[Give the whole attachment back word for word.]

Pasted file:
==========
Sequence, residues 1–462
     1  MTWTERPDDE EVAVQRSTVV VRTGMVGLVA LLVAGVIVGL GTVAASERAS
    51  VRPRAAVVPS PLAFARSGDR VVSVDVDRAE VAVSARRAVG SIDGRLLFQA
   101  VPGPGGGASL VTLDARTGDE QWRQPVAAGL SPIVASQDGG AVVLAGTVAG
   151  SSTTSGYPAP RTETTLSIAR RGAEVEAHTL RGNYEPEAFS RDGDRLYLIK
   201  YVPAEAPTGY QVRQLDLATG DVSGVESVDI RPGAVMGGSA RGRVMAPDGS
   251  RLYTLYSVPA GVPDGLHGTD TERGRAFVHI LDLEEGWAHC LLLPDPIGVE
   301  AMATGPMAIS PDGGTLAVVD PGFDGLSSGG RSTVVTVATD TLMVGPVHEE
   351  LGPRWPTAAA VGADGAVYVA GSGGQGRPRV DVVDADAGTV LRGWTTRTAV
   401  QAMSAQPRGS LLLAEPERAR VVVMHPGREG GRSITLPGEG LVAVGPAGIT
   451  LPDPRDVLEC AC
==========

Sequence, residues 1–462
     1  MTWTERPDDE EVAVQRSTVV VRTGMVGLVA LLVAGVIVGL GTVAASERAS
    51  VRPRAAVVPS PLAFARSGDR VVSVDVDRAE VAVSARRAVG SIDGRLLFQA
   101  VPGPGGGASL VTLDARTGDE QWRQPVAAGL SPIVASQDGG AVVLAGTVAG
   151  SSTTSGYPAP RTETTLSIAR RGAEVEAHTL RGNYEPEAFS RDGDRLYLIK
   201  YVPAEAPTGY QVRQLDLATG DVSGVESVDI RPGAVMGGSA RGRVMAPDGS
   251  RLYTLYSVPA GVPDGLHGTD TERGRAFVHI LDLEEGWAHC LLLPDPIGVE
   301  AMATGPMAIS PDGGTLAVVD PGFDGLSSGG RSTVVTVATD TLMVGPVHEE
   351  LGPRWPTAAA VGADGAVYVA GSGGQGRPRV DVVDADAGTV LRGWTTRTAV
   401  QAMSAQPRGS LLLAEPERAR VVVMHPGREG GRSITLPGEG LVAVGPAGIT
   451  LPDPRDVLEC AC